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New recumbent owner needs advice

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New recumbent owner needs advice

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Old 07-29-18, 12:44 PM
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Kryten41
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New recumbent owner needs advice

I bought my first recumbent yesterday. I'll try to attach photos. It is a little old, and the seller said he didn't build it, but that it was "shop built". 18 speed. I rode it a mile or two today around the neighborhood and am sort of getting the hang of it (left turns and starting from a stop are still problems). I think I need longer handle bars, as I noticed a little stress in my shoulders from having to reach too far. The seat might need replacing and it needs a paint job. Anyway, my question is about the handle bars--I haven't tried lowering them because my knees already hit them if I am on an upstroke under the handle. Do any of you have suggestions? If the answer is to replace the bars, do you have any suggestions as to a good place to purchase?

My first recumbent!
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Old 07-29-18, 01:11 PM
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The word that comes to mind when I look at that picture is, "Ka-Ching!" It's going to be an expensive fixer-upper. I guess I'd call it a TourEasy clone, using cheap 27" wheels from a 1975 department store bike, a saddle/backrest combo from a Huffy Venice, and an old ashtabula crank, probably from the same dept store bike that donated the wheels. "Shop built" must mean someone with a welder built it in their garage.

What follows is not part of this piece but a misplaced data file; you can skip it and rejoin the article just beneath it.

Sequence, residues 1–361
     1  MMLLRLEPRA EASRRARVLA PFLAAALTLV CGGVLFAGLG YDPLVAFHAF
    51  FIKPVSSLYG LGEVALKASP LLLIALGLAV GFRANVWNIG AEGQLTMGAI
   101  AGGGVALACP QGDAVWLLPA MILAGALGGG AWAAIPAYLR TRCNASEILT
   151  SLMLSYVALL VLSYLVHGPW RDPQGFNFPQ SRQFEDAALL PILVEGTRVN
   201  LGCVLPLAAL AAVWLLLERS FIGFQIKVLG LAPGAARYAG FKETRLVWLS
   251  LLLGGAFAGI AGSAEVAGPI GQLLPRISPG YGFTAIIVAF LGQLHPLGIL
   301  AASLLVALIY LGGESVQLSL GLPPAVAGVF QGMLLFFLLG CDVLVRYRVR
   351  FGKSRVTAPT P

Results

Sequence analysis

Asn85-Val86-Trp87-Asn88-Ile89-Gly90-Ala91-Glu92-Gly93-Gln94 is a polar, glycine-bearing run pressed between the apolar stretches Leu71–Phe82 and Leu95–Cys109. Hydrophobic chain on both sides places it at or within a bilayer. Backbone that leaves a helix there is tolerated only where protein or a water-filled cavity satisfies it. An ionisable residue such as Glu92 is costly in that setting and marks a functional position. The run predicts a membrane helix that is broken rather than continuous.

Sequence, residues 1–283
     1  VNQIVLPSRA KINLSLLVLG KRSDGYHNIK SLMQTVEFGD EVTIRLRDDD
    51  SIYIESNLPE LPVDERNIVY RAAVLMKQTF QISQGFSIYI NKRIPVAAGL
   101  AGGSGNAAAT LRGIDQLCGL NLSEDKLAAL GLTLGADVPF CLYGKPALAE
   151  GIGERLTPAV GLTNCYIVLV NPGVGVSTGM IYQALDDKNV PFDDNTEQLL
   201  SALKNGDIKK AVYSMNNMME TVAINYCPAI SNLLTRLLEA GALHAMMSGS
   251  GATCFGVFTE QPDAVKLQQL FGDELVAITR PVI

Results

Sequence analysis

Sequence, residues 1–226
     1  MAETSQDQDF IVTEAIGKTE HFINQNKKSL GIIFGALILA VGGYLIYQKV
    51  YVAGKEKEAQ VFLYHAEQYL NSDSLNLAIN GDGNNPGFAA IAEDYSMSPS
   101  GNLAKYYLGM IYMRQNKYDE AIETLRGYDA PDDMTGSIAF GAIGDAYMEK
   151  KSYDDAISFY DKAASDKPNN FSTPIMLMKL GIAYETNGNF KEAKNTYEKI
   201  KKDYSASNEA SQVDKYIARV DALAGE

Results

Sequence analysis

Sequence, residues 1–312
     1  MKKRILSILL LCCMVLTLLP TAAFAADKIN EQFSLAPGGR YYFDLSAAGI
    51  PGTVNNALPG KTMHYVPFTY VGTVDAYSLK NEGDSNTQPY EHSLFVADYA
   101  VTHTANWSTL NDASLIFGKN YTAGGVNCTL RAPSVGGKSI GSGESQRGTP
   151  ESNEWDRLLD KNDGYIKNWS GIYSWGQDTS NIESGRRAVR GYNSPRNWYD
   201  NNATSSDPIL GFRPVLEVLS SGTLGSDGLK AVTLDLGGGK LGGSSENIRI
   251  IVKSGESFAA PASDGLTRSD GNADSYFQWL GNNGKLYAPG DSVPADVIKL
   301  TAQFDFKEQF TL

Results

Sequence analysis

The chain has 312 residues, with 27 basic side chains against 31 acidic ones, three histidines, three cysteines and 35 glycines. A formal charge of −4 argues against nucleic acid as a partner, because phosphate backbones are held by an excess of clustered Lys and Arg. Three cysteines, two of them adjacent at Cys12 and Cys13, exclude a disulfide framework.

To get out of this as cheaply as possible, I would contact AD Carson at Recycled Recumbents. He can get you into a seat, and may be able to help with handlebars too.
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Old 07-30-18, 09:39 AM
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I cannot disagree with the previous assessment of the LWB in the picture. However, I think we could use another picture of the bike with the o.p. in riding position.
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Old 07-30-18, 10:27 AM
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+1 to this being a home-built long wheelbase recumbent. Nobody uses one-piece cranks on a recumbent bike and most have some way to move the seat back and forth on the frame in order to accommodate riders with different length x-seams. Spending any significant amount of money on this bike is throwing good money after bad. Don't feel bad. Most of us started out with zero knowledge about recumbents when we bought our first one. My mistake was buying a $700 used BikeE AT. Just a few months later I bought a used Linear long wheelbase bike for $500. It was twice the bike of the BikeE and I put many thousands of miles on it before moving on to a trike.

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Old 07-30-18, 10:30 AM
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However if it rides ok for you, there is no problem. Pay no attention to nay sayers.